Dallas starting lineup would have an average age  of about 27 years with the offense being the problem unit, featuring four players over the age of 30. If Romo and Witten can continue to perform age should not be a primary factor of weakness in 2014. Basically what this amounts to is that the team in 2014 will look almost identical to the team in 2013 and 2012.

2015 Salary Cap Outlook

By reworking the contracts of Romo, Carr,  Witten, and Lee we added $5,785,000 to the 2015 salary cap. That’s not too bad, but the roster at this point is in shambles and our top 5 players now account for nearly $76 million in cap commitments. The team will already have $9,086,200 in dead money on the books via the June 1 release of Miles Austin and Doug Free’s contract voiding.

Not including the 2014 draft class, Dallas would have around $109 million in salary cap commitments in 2015 with just 22 players under contract. One would assume that the team would invoke the option on starting Tackle Tyron Smith, which would be equal to the 2014 Transition tag. In 2013 that was $8,709,000 so we’ll assume $8.7 million for 2014 as well.  I think it’s safe to assume two players from the 2012 draft class will earn the PPE adding around $1.3 million in cap to our total giving the team $119 in cap committed to 23 players.

Not among those 23 players is superstar WR Dez Bryant who will end up being the recipient of the Franchise tag, which should be valued around $10.6 million. Seven draft choices from 2014 should cost around $6 million in 2015 cap dollars. This brings Dallas to a fair estimate of 31 contracts of $135.6 million. If the remainder of the offseason roster is filled with players earning the minimum the salary cap will stand for Dallas at $144,300,000.

2015 Problems

We just navigated 2014 which seemed to be even worse so why is this different?  Assuming the Bryant and Smith moves and one 2014 rookie starting the team would be looking at returning just 12 or 13 starters from the 2014 team.  Of these starters Romo will be 35 while Ware and Witten will be 33. Neither Carr nor Lee would be youngsters anymore at 29 years old.  These 5 players account for $74.3 million in cap charges and there has to be real questions about how much further can you push on with the same group.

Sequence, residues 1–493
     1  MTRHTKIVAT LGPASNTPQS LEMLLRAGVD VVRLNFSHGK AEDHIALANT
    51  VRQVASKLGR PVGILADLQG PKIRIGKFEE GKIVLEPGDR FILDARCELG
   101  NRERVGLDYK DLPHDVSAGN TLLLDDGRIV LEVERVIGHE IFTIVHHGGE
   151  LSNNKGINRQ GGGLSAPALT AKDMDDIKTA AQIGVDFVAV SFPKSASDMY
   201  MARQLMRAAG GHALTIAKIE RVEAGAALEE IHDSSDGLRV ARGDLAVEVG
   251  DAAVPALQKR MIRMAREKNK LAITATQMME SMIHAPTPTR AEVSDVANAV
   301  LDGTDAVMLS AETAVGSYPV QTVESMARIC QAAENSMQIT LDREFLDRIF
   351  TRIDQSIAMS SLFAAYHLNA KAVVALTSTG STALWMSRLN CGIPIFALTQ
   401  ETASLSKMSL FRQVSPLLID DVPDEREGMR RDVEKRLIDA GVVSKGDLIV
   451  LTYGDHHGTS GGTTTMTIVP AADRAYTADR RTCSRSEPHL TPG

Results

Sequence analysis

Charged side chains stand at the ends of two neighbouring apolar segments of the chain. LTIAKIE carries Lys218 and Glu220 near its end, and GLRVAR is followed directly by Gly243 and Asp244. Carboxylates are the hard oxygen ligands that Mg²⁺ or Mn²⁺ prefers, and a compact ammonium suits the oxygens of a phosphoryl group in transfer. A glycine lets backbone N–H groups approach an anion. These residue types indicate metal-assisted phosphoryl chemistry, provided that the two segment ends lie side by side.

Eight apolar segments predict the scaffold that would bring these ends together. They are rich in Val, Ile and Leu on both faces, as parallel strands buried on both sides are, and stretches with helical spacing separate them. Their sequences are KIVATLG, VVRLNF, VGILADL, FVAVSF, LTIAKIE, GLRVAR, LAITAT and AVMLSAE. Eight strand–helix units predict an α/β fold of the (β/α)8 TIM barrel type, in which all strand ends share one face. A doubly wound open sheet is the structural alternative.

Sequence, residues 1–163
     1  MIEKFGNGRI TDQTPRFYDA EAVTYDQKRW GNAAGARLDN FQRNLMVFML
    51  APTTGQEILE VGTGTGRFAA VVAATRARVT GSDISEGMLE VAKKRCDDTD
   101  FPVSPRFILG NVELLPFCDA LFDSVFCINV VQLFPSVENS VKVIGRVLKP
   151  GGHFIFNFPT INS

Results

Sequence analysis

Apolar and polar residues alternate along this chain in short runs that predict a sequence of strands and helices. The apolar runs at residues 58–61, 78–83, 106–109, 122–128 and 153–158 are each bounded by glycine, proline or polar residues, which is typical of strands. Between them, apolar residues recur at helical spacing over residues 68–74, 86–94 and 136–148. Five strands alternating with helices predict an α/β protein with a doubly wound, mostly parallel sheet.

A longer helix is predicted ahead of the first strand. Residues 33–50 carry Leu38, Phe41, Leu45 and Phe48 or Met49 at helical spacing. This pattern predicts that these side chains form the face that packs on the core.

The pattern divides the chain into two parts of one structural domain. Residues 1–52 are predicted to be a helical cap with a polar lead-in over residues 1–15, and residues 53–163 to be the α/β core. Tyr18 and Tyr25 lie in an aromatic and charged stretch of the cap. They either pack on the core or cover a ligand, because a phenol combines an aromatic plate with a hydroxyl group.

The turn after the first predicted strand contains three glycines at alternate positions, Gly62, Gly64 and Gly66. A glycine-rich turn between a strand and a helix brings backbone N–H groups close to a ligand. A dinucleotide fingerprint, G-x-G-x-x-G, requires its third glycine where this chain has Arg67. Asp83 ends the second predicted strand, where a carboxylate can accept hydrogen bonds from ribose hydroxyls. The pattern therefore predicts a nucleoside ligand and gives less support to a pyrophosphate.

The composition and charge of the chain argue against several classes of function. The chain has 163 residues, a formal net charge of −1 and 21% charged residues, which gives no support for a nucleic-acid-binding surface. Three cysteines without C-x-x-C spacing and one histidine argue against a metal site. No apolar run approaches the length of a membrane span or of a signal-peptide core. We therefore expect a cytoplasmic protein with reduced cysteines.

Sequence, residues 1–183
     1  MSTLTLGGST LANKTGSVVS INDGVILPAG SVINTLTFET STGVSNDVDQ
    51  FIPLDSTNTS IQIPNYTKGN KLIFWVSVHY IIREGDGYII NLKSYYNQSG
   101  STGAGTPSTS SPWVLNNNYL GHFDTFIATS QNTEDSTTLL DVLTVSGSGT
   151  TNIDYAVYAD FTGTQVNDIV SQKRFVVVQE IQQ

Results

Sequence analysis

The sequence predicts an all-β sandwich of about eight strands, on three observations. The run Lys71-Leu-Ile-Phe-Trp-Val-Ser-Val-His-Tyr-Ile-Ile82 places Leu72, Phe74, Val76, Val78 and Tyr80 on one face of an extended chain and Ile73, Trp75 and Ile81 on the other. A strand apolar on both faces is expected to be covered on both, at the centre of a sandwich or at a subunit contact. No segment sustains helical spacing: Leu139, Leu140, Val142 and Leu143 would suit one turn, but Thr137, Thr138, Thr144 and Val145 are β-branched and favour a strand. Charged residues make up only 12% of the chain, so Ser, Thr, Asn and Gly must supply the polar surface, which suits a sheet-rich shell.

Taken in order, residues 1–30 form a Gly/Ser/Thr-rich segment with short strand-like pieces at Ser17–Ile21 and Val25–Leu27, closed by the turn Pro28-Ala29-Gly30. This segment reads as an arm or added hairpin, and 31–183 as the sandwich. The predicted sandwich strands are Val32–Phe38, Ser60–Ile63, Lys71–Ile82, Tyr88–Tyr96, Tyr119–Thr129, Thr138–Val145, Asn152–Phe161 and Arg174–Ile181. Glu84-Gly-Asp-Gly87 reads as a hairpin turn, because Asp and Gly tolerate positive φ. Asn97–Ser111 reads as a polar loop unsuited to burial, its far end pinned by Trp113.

Romo would carry a $27.782 million dollar cap charge in this scenario.   The team could save $12.824 million in a restructure which virtually guarantees Romo will be QB through 2017 as his 2017 dead money would rise to $14.636 million if cut. Even at 38 years old he would still cost $8.921 million to part ways with.

Releasing Ware saves the team $12,186,000, which is why I would not want to touch his contract in 2014. He needs to go in 2014 to allow the team to move forward.  There really are no other options. Through all the restructures we had to use for 2013 and 2014, Carr is already going to cost $11.36 million to release in 2016. I can’t go further in on a cornerback about to turn 30.   Same goes with Witten.

2015 and Beyond

Most likely, barring a salary cap explosion in 2015, those two moves will give Dallas a few million to work with to fill all their open roster spots with players other than rookies. The two franchise type players will need to be signed to long term contracts with low cap charges in the first two years to help deal with some of the issues in 2015 and 2016.

Dallas is not going to trot out 10 rookies to start for the team if at all possible especially with Romo still at the helm.  That is going to require significant creativity to do. They have to avoid doing anything with Ware, unless it’s a major paycut, and the desire to rework Carr’s deal another time. I would imagine the end game is something similar to what we saw in New York in 2013 with a slew of minimum salary benefit contracts filling out the roster.

By 2016 the team should move into full turnover mode with Romo being the last man standing from the old guard. Witten and Carr will combine for over $14 million in dead money in 2016, which should mark their fourth year in a row with well above the average dead money on their salary cap, but it should help them avoid the one mega season of dead money that has hit some other squads.

Can They Survive the Cap

In terms of success this is really a two year window for Dallas. They will cruise to a division title in 2013 because the NFC East is so bad. At this point it’s about gearing up for the playoffs. It is why if they are really considering a trade to upgrade a position it makes sense to do as long as they realize it is a one year commitment and they will move on next year. This is the best chance Dallas will have and you have to do everything you can to make it happen. If Dallas believes Maurice Jones-Drew can help them win its worth the $2.2 million carryover loss they would have.